We all want to be marketable and be able to find new jobs. Creating a strong reputation or brand also will help you to attract a new job or promotion.
If you are like me and not married to a wealthy spouse or palling around with wealthy friends who run Fortune 500 companies, you should be thinking about other ways to develop your own client base. One way is to work on developing a “brand” or reputation as an expert in your field.
Six Easy Ways to Develop Your Brand
Here are some easy methods to help you develop your brand:
The quickest way to enhance your brand is to get published on a topic that is impactful. What I mean by “impactful” is don’t just write about a recent Supreme Court case and synopsize the opinion. A first-year law student can do that and probably will.
You might think about the industry or technology that you are interested in developing a larger portfolio and write about how some change in the law, whether a court case, regulation or Congressional action will affect that industry. Show how your insights can improve the quality of legal advice currently being provided by others.
Add something new to the discussion and put something in the article worth reading and remembering. Practice tips or predictions about areas of unsettled law with reasoned analysis is helpful.
You don’t have to write a law review article; about 1500 to 2000 words is perfect. If you cite a company by name, make certain that you have cleared any conflicts. It’s best to stay away from criticizing a company or its strategy.
There are many publications that would love to publish your article. Most publications are looking for content. You might submit an article to IPWatchdog.
Get to Know the Press
It is important that the press think of you when they need a quote about a new development. Most firms have press offices that coordinate with news organizations. Get to know the people in your press office and let them know that you are interested in helping.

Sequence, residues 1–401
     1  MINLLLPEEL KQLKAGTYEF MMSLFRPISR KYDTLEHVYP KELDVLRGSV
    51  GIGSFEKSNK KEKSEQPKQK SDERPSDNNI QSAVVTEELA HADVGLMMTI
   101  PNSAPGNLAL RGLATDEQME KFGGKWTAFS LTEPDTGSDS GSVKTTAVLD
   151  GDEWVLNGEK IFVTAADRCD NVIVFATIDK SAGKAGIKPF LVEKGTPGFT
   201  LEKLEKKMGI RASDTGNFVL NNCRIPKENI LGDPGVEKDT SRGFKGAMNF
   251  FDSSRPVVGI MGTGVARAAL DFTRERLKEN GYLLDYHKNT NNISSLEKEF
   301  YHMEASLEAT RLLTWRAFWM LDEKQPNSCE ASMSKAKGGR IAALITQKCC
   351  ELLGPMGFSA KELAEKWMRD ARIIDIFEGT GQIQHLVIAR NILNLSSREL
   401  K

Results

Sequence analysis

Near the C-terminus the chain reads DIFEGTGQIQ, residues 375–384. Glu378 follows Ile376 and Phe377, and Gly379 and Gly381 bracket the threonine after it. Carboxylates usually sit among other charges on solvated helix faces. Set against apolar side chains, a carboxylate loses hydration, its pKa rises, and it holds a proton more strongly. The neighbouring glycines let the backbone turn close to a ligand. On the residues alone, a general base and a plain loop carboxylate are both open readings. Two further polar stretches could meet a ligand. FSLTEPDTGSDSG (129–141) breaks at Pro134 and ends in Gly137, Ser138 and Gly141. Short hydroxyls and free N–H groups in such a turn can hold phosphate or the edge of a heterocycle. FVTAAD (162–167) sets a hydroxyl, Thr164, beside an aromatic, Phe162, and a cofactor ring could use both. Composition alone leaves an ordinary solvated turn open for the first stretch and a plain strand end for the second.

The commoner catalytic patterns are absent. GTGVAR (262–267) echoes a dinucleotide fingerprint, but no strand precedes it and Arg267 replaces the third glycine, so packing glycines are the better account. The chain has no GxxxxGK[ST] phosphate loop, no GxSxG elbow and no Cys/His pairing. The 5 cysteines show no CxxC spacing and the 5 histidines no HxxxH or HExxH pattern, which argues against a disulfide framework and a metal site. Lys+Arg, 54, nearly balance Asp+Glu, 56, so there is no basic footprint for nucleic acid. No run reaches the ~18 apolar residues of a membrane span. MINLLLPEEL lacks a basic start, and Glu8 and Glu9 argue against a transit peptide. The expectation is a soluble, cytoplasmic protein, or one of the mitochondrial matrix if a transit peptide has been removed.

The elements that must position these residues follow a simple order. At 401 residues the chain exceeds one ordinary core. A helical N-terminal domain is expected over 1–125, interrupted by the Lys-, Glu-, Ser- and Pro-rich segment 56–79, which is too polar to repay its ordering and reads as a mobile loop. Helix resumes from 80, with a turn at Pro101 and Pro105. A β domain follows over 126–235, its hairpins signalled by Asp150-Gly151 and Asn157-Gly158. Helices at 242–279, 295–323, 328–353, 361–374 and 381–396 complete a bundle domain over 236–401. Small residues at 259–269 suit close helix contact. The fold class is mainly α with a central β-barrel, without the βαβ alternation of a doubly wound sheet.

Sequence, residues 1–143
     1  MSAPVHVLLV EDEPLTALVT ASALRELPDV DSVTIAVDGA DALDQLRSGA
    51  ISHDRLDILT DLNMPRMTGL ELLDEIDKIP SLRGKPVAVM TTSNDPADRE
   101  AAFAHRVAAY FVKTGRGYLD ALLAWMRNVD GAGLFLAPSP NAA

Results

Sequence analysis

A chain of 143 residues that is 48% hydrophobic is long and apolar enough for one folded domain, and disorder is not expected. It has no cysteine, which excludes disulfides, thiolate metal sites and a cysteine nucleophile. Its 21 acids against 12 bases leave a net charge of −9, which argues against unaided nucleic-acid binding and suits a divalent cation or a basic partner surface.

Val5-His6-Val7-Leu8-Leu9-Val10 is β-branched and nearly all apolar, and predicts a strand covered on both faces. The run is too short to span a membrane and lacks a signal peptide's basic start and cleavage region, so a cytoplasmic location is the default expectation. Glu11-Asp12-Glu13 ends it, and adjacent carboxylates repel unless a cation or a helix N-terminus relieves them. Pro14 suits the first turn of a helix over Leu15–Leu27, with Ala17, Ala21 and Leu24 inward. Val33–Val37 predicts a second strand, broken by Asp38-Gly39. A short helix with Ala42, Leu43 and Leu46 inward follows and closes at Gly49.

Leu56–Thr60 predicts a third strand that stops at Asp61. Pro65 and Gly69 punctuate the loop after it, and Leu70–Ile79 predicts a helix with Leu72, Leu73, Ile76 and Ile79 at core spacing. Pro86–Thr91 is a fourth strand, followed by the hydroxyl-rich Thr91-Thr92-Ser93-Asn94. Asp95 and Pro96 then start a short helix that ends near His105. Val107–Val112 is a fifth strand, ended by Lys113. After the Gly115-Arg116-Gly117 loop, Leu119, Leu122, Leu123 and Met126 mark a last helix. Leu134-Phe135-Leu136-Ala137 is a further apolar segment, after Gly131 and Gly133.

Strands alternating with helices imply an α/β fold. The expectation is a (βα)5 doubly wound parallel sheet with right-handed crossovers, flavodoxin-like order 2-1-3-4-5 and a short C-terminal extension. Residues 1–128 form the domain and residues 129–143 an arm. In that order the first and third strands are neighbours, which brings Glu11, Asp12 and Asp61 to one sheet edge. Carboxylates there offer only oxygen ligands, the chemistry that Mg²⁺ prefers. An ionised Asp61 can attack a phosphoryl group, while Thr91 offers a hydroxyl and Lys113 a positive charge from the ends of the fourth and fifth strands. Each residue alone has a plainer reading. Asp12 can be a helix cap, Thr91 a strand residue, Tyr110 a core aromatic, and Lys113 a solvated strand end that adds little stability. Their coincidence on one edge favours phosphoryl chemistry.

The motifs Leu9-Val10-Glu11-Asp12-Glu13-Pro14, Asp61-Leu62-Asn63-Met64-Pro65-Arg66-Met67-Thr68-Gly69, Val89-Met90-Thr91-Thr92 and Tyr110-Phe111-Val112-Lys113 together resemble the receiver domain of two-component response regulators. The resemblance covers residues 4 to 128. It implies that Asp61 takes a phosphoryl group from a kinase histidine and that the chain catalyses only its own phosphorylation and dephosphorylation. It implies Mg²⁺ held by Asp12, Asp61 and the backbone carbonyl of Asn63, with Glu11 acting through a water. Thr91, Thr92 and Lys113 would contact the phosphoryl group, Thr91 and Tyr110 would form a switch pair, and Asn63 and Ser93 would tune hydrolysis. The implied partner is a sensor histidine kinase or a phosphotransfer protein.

Remember, the press deals with tight deadlines and they want to be the first to comment on a new development. Many times, busy lawyers don’t call the press back right away. That is a mistake.
If your firm doesn’t have a media/press office, get your firm to invest in press coverage. There are many independent press firms or consultants that can assist. For example, my firm hired Elizabeth Lamphert and she did a great job getting us mentioned with solid quotes in several publications.
Teach a Class
There is no better way to learn an area of the law than teaching it. Teaching requires you to gain a good understanding of the area and answer student questions on your feet. This requires a thorough understanding of the subject. It also will give you added credibility with clients. Again, teaching allows you to be an expert.
If you are interested, I would write a syllabus for the course that you would like to teach. The syllabus serves as your proposal. Next, you can shop it to the various law schools.
Join a Bar Association and Network, Network, Network